can be used effectively in analyzing electric circuits. As a simple example. consider the lead-lag network of Figure

7(A).

It can be shown that the transfer function of this network is as given in equation 9

Vo

(l+R.Ct _) (l+RtCte)R.

~ = (1+R1C1..) (l+RtCt.)Ra+

for which the Nyquist plot passes through

the -1 point are exactly the same values

for which the root locus crosses the j~

uis. Many other correlations appear in

The results ofroot locusanalysiscan be

easily converted to frequency response

data. Thus one merelyassumes valuesof

an alternative, it win be noted that the

zeros of the denominator must satisfy

equation 10

+ +R.) ct.]

R1 [1 (Rt

(9)

angles and vector lengths to the zeros and

angles for total phase shift and the product of lengths for attenuation. The Inverse problem of determining zeros and

poles from experimental data is the more

difficult one. Many techniques are already available, however,such as drawing

asymptotes to the logarithmic attenua..

tion cqrve. For unusual cases, particularly those in which resonant peaks are

involved, the conformal mapping technique originated by Dr. Profos of Swit-

zerlandis recommended. a

The transient response is described by

the poles of the transfer function. The

inverse problemin this caseis to locate the

poles from an experimental transient response. One might use dead time, maxi..

111

sy.tem

Orcult dll,fllll. (B)

RootloclII

FI,ur.

A

I

-I

liA

.:L.

".C,

1-

_0

(1l,+'Y C

I;

(I/RICI+.)(l/R,C,+.)Ra(RICI)(RICs)

(l/(R,+Ra)C,+.}(Rs+Rs)CsRI

--1

(10)

The vectors in this expression are represented according to the root locus

scheme in Figure 7(B). The two roots

are thereby bounded as shown by the two

dots and the cross. Their exact locations

could be estimated or accurately determined by graphical methods.

The locus of roots now is simply in.

tervals along the negative real axis between the open loop zeros and poles as

shownin Figure 7 (B). The exact location

of the roots along these intervals is determined in the usual way. Note that the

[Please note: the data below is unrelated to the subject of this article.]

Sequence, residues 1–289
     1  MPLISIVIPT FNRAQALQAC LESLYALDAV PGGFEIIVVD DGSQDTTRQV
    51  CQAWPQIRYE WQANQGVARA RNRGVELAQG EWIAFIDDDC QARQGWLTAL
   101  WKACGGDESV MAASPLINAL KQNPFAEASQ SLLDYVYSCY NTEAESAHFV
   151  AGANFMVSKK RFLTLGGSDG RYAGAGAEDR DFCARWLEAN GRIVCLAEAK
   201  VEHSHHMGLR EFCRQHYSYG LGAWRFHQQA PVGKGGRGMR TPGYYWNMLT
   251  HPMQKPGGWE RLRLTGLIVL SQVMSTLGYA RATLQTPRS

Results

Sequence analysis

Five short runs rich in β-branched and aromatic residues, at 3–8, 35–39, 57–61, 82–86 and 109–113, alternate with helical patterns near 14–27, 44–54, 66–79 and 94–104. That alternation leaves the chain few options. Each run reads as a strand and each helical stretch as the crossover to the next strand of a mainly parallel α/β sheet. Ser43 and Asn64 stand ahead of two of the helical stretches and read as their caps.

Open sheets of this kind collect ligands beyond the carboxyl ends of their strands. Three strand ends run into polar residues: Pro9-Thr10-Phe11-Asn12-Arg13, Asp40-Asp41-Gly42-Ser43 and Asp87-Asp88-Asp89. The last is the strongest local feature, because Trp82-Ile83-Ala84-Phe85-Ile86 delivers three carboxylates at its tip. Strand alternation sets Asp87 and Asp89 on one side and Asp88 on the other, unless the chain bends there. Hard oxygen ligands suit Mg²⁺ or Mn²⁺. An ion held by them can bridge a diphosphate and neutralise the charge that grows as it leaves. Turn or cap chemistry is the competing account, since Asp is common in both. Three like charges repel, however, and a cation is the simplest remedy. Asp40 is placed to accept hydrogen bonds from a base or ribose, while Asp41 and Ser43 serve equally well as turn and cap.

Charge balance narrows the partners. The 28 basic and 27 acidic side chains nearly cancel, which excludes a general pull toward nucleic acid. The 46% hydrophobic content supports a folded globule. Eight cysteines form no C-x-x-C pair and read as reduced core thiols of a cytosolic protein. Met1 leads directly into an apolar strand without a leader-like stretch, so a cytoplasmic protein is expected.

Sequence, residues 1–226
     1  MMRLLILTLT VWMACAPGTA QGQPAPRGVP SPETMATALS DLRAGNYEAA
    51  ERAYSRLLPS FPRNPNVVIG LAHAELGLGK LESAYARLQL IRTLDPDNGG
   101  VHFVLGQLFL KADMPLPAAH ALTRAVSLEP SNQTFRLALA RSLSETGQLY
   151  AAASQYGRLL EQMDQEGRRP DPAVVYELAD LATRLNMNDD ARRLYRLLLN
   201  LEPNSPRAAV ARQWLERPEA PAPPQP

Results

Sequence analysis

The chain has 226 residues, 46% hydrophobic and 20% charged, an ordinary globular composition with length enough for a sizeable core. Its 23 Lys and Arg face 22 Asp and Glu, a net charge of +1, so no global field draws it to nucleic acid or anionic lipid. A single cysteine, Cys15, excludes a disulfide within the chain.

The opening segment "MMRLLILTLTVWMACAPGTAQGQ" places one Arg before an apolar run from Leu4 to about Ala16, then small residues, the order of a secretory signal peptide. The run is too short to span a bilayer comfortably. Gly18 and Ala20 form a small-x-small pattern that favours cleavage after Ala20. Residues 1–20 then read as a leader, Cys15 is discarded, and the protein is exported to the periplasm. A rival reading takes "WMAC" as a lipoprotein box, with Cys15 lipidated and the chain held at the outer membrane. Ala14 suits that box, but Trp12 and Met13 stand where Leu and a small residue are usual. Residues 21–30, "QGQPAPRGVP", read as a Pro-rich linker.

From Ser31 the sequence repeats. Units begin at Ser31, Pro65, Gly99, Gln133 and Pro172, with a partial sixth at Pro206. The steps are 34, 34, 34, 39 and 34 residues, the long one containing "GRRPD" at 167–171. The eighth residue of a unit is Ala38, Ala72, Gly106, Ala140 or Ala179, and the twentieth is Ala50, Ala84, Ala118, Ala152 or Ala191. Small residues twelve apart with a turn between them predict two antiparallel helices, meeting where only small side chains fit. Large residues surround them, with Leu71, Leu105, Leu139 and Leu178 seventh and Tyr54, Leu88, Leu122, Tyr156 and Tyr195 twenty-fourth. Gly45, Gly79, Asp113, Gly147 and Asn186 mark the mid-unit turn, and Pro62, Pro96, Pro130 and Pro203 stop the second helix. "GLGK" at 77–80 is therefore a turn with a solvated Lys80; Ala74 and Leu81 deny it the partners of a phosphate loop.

constant in equation 10 is of the form

R'Ch in which R' is the effective value of

R1 and R. in parallel.

In more complicated networks, the advantages of the root locus concept over

algebraic methods becomes greater; its

particular advantage is in retaining at all

times II clear picture of the relationships

between the over-all network parameters

and the parameters of individual circuit

elements.

In the classical problem of finding

roots, the differential equation is given in

the form of a sum of terms of successively

higher order. This can be converted to

the form shown in equation 10

'''+0'''-'+'''''-'+ ... +m

- ('+0).+11]'+ . +m

(11)

with another loop closed for each higher

8 (rlg"t).

Spirul.

first loop which corresponds to the quantities in brackets above and proceed as

before for the multiple loop system. If

the roots close to the origin are of most

interest, substitute .-1/" first and solve

for root values of x, Other combinations

are, of course, possible because a single

root locusbasically determines the factors

of the sum of two terms.

The root locus method is thus an analytical tool which can be applied to

other problems than control sy.stl:m synthesis for. which it was developed. But in

attacking a new problem one would probably do' well to try first to develop a

method of analysis which is natural for

that problem rather than seek to apply

any existing methods.

Graphical Calculations

The root locus plot is first established

in approximate form by inspection. Any

significant point on the locus then can be

checked by using the techniques indicated

in this section. Note that only two calculations llR involved, adding angles and

multiplying lengths. Fortunately, all of

these angles and lengths can be measured

at the point. Thus angles previously

pictured at the zeros and poles also appear at the point but between a borizontal line to the left and lines to the

zeros and poles. A piece of transparent

paper or plastic pivoted at the. point can

be rotated successively through each of

these angles to obtain their sum.

The reader can duplicate the "spirulc"

with two pieces of transparent paper, one

for the disk and the other for the arm.

No Discussion

112

over-all. purpose is to successively rotate

the arm with respect to the disk through

each of the angles of interest. Thus for

adding phase angles, the disk is held

fixed while the arm is rotated from a pole

to the horizontal, whereas the two move

together in getting aligned on the next

pole. For multiplying lengths, the disk is

held fixed while the arm is rotated from

the position where II. poleis on the straight

line to the position where the pole is on

the lo~arithmic curve. Rotations are

made in the opposite directions for zeros

than they are for poles.

Conclusions

The definite opinion of engineers using

this method is that its prime advantage

is the complete picture of a system which

the root locus plot presents . Changing

an open loop parameter merely shifts a

point and modifiesthe locus. By means of

the root locus method, all of the zeros and

poles of the over-all function can be determined.

Any linear system is completely defined by this determination, and its response to any particular input function

can be determined readily by standard

mathematical or graphical methods.

References

1

PRlNc:Jft,SI

2.

TIlANllaHU

o.

SSlwoNaC:RANlSMI

(book).

SYS~.NI

(hoole),

Sou. Ne" York. N. Y 19.5.

lH

LINSAI

N." York, N. Y., 11142.

3.

W. Jl. IYIII..

lllU. P"I" 647-51.